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Question DetailsAsked on 1/18/2017

how do we know if we need a new chimney flue liner?

How do we know if a flue chimney liner is needed for our fireplace? and is replacing a flue the same as replacing the liner?-

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2 Answers

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Terminolgy is bandied about differently by different people and in different parts of the country, but in general terms the "flue" is the passageway up the chimney for the combustion or "flue gases", not the inner surface of it, which is the flue lining. But - many people call the "flue" the inner lining of the chimney, not the smoke passageway itself as it technically is.


In much older chimneys the flue lining or liner (the inner surface of the chimney exposed to the flue gases) was commonly just the inner course of brick or stone (or even slopped on and smoothed clay in old wood and clay chimneys, of which a few are still around and in use in predominately rurual areas), later more commonly refractory (high-temperature) cement or fire brick lining or cast iron pipe, in somewhat newer chimneys commonly a segmental concrete or clay liner or even a heavy cast iron or steel pipe lining - sometimes a troweled or cast-in place mortar or concrete lining. These are all also methods of repairing a deteriorated original flue, hence part of the confusion in terms at times.


To other people, a "liner" means a separate detached system spaced off from the existing chimney flue walls - commonly these days a lightweight stainless steel (occasionally galvanized in a few areas but that is very short-lived) metal pipe (heavier wieght in commercial sized applications or where internal strength may be needed, like in many-storied buildings). This "liner" or "metal flue duct" may be single or double walled, depending on local building code and on whether it is intended only as the first layer of heat protection (with the original chimney providing the second), or double-wall if intended to be the entire flue gas retention system. The reason for two layers in a modern "liner" is so the heat from the inner lining can escape up the chimney between the inner lining and the outer - a single lining does not provide protection against overheating of nearby combustible materials like framing if it is used alone in an otherwise unsafe chimney liner situation. Older chimneys did not use this system - hence a lot of chimney fires as chimneys got older, and allowed hot flue gases to escape through cracks or deteriorated mortar or even, with very hot fires of long duration, got the flue surface hot enough that the chimey bricks or stone heated up enough to cause combustion of the wood framing or insulation or siding behind them.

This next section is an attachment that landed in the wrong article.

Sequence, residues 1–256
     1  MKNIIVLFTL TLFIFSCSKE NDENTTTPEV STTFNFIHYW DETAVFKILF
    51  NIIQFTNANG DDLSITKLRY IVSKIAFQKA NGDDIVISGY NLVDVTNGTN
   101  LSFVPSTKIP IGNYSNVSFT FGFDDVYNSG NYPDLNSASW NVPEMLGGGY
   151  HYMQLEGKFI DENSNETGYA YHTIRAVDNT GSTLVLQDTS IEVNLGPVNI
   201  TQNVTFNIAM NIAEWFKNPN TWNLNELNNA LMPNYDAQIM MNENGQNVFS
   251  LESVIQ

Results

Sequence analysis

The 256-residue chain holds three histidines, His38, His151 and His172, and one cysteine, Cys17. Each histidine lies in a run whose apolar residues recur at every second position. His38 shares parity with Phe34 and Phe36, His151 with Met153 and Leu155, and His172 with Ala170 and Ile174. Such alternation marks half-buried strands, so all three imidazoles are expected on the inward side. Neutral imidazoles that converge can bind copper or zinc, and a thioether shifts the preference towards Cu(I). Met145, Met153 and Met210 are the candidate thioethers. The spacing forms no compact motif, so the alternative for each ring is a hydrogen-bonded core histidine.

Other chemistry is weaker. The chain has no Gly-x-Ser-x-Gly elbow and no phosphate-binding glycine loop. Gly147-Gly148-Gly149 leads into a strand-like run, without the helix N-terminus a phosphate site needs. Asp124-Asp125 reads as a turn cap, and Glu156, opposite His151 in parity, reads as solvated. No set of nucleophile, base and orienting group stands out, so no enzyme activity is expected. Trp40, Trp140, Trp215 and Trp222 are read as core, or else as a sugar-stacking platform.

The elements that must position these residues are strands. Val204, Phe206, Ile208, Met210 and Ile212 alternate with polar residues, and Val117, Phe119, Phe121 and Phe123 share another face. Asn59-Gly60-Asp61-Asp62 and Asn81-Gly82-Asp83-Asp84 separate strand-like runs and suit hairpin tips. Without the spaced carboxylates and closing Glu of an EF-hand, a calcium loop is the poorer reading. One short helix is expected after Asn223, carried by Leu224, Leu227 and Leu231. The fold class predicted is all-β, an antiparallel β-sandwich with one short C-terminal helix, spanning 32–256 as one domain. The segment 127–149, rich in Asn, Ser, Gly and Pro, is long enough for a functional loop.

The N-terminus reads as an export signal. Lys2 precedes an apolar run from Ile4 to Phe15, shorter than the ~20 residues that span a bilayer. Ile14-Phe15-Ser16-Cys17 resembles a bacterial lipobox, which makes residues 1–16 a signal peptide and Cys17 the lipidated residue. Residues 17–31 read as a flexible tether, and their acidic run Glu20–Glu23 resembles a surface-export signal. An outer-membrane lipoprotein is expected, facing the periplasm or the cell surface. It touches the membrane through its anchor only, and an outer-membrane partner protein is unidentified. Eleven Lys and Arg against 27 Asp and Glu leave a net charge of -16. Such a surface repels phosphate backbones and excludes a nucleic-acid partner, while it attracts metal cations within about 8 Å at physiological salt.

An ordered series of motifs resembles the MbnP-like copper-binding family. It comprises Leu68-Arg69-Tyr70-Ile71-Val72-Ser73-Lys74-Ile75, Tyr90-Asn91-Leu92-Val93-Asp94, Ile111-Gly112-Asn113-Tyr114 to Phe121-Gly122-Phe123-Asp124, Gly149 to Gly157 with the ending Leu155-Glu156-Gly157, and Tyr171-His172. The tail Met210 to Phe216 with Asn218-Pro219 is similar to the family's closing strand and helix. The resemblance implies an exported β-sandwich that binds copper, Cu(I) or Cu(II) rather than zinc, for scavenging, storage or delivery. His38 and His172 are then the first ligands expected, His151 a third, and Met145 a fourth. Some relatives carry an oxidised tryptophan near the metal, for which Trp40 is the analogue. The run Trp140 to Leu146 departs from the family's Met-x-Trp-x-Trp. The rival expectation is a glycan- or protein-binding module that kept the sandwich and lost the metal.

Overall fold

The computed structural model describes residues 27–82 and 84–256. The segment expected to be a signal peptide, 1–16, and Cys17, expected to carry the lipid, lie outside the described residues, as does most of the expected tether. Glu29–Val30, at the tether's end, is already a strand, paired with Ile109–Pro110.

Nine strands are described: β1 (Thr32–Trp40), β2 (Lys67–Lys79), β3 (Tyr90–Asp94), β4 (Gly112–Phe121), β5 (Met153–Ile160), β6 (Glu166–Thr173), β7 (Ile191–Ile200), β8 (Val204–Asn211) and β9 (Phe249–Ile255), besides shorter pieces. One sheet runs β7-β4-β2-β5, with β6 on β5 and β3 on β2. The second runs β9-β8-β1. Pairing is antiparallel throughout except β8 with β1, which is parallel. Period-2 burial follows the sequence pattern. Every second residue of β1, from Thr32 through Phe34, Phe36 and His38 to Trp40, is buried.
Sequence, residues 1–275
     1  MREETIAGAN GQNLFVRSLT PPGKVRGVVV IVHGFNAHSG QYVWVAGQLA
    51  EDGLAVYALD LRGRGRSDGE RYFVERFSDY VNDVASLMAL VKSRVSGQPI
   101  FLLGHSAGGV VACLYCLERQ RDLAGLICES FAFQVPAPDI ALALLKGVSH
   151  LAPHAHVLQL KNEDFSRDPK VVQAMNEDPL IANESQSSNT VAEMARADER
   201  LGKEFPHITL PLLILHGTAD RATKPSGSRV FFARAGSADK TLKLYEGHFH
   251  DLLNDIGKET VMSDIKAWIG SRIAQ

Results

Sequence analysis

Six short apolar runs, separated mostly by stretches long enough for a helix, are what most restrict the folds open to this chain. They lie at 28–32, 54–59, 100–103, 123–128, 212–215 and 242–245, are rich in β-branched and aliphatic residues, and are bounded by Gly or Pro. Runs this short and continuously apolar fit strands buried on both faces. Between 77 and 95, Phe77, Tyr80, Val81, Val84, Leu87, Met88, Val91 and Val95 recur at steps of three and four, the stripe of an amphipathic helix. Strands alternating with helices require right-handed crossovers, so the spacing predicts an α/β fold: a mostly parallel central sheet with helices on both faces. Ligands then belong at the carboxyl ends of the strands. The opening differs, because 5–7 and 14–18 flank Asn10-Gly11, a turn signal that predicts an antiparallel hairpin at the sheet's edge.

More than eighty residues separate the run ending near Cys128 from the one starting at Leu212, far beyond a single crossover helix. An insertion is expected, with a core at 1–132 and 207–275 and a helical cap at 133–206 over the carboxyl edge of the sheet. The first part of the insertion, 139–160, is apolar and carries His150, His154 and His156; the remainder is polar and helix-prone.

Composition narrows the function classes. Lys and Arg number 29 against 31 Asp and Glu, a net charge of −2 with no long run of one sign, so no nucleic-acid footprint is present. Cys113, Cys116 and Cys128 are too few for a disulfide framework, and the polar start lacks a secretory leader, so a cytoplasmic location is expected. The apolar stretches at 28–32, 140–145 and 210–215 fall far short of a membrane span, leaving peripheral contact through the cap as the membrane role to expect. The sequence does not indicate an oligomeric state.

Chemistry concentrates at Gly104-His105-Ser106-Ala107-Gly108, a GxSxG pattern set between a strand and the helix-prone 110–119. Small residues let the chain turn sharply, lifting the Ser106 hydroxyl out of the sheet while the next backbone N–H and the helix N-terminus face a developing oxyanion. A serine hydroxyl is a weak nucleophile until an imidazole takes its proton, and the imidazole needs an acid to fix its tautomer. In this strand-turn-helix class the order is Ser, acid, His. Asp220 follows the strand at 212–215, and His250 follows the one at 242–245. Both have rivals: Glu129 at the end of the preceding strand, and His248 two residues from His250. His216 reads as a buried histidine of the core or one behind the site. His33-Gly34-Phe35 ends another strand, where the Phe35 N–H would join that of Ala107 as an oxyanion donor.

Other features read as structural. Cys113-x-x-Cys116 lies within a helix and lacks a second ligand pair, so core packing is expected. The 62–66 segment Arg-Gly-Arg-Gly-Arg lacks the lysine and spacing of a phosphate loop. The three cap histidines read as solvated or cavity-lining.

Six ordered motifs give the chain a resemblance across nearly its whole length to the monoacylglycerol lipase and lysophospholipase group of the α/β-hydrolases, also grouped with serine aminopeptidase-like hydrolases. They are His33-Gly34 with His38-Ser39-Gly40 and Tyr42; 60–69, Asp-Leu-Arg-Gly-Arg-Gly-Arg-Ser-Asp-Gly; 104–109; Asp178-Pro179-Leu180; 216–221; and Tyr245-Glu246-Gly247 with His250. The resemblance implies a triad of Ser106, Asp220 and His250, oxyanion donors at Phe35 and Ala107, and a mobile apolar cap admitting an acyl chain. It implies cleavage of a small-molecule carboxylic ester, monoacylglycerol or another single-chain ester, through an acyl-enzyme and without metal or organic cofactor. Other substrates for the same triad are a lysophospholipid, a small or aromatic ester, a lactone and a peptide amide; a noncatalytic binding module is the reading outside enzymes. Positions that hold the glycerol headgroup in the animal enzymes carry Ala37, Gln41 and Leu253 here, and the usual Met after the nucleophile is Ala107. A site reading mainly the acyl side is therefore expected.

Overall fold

To find out what your particular situation is, you need a certified Chimney Sweep (your Search the List category) inspection - varies in cost, but rarely below $100 and generally not over $250 including cleaning, which is generally needed for him to be able to see the actual existing condition under the creosote and soot buildup (in solid fuel burning fireplaces, as opposed to gas-fired, which commonly need little or no cleaning for inspection).